Friendly, efficient cabin stewards. Most staff are friendly and helpful. Dining options are adequate and cuisine quality acceptable, though not exceptional. Complaints do get actioned and rectified. P&O has been in the business a long time so knows what to expect – embarkation and disembarkation at ports of call are generally efficiently handled.. Good value for money overall (though some shore excursions are over-priced). Self-service laundry facilities are available on board (though cramped and insufficient for overall demand – be ready for some frayed tempers if you have not cleared your machine immediately after it has completed its cycle). There some nice, comfortable places to sit and while away the time looking out to sea, in particular the Crow’s Nest at the front of the ship.
Entertainment is basic and not generally high quality though there were some acts that were so good (e.g. Fogwell Flax) that the Palladium Theatre could not accommodate all demand.
The films screened are basically DVDs (not in HD) and start times do not always accord with the printed schedule.
The programme of talks is adequate and one or two even interesting but overall, worthy rather than stimulating. The scheduling was also not ideal as the talks frequently clashed with teatime etc. (see below). The talks had no relationship to the places being visited –e.g. on the history of Australia, Papua New Guinea, The Philippines, Hong Kong etc.. Of course, there is a Port Talk before each port of call but that is more about sights, shopping and shore excursions, with modest historic background.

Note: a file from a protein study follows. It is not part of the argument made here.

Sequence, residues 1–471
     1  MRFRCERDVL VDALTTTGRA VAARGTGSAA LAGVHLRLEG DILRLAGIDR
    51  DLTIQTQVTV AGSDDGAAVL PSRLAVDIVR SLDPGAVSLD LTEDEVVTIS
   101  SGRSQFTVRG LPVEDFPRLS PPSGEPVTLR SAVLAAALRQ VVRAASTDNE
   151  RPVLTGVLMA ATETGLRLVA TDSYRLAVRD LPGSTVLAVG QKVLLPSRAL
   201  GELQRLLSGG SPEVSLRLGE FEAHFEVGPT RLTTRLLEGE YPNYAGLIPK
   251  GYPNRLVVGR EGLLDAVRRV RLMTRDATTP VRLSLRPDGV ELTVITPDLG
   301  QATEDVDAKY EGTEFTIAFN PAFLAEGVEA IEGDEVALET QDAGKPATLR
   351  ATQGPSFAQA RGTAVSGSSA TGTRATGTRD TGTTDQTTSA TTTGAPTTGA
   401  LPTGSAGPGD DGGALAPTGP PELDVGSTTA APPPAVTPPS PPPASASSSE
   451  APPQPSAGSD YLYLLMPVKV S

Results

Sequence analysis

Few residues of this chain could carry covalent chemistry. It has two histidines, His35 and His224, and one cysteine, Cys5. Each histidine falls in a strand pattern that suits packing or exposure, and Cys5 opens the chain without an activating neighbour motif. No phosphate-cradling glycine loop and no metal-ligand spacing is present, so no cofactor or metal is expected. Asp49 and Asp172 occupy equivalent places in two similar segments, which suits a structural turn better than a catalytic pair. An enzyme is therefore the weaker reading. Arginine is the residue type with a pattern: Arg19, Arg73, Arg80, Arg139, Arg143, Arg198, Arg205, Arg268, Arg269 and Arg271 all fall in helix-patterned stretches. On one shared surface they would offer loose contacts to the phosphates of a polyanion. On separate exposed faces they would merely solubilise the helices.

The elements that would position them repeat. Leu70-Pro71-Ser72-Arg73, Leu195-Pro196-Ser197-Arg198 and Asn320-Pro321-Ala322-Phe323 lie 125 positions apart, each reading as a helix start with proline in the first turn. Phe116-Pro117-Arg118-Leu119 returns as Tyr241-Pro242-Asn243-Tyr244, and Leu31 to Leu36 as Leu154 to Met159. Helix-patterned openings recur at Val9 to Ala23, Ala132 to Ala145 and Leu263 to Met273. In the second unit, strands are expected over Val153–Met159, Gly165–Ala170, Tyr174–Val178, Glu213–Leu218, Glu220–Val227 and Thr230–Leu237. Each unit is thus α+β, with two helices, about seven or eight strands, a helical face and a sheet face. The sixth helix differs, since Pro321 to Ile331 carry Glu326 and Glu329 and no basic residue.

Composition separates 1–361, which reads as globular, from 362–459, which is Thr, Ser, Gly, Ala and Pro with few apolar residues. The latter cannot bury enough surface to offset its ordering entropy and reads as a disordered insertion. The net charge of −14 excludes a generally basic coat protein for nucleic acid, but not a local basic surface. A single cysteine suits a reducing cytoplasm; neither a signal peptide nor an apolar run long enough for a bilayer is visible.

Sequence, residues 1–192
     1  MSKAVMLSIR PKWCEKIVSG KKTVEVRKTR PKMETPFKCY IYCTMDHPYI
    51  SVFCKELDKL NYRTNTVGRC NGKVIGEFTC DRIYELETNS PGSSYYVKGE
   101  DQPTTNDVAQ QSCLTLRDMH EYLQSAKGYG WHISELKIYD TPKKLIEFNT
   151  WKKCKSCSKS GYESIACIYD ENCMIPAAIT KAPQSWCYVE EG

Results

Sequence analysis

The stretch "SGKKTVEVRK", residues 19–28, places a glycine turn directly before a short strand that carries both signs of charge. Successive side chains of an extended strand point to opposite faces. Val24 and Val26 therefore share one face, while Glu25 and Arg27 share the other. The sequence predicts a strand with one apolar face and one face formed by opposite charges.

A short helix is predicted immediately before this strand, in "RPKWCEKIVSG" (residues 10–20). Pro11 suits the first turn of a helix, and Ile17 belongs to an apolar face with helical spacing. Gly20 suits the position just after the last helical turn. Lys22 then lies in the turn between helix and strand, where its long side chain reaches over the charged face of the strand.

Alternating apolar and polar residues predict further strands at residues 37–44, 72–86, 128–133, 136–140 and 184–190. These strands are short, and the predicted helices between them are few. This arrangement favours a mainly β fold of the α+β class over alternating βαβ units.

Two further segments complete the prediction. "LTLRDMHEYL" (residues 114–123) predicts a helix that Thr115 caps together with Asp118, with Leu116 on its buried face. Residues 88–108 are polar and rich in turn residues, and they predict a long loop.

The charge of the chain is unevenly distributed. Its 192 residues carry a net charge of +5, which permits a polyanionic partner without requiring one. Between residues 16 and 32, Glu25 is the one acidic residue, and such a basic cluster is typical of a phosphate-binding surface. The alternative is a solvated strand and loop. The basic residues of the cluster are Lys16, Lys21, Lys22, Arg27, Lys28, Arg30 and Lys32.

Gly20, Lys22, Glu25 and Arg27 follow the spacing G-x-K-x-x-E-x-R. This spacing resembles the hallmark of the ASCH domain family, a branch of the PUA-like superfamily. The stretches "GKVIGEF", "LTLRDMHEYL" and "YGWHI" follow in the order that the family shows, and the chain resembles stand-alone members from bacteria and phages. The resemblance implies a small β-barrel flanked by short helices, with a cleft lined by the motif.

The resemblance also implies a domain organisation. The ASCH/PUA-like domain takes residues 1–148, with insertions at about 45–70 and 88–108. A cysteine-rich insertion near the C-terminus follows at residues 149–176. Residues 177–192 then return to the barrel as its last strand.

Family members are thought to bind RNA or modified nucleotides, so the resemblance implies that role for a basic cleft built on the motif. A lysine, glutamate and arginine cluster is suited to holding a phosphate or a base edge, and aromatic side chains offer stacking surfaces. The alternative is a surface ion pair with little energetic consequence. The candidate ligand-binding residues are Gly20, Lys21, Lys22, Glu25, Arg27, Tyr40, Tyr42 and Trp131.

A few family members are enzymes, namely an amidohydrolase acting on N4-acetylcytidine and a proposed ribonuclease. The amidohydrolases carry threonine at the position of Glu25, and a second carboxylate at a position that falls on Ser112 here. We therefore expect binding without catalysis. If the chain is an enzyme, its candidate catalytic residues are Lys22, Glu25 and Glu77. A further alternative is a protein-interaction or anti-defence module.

The food is generally unexceptional. The ship does not cater well (at all?) for people with special dietary needs For example, it was not uncommon for 50% of the eight main course dishes on offer to contain pig products in some form (of the 4 main course choices during one lunchtime, 3 had pig products in them); and no effort was made to keep such products separate either in preparation or presentation from other dishes. There was usually one vegetarian option (out of 8) for dinner in the Meridian dining room. It is easy enough to keep pig products separate from others, to use a different griddle for grilling pork from other meats etc. but no such effort is made. Although most of the clientele might be reliving the 1960s and 70s, there is no reason for P&O not to make an effort to accommodate the 21st century (see also comments on electrical sockets and wifi). Also there doesn’t seem to be any great effort to give a taste of the cuisine of the ports to be/just visited (other than Australia). For instance, Papua New Guinea produces cocoa, coffee, bananas, fish, sago, cassava, yams – none of these appeared on the menu.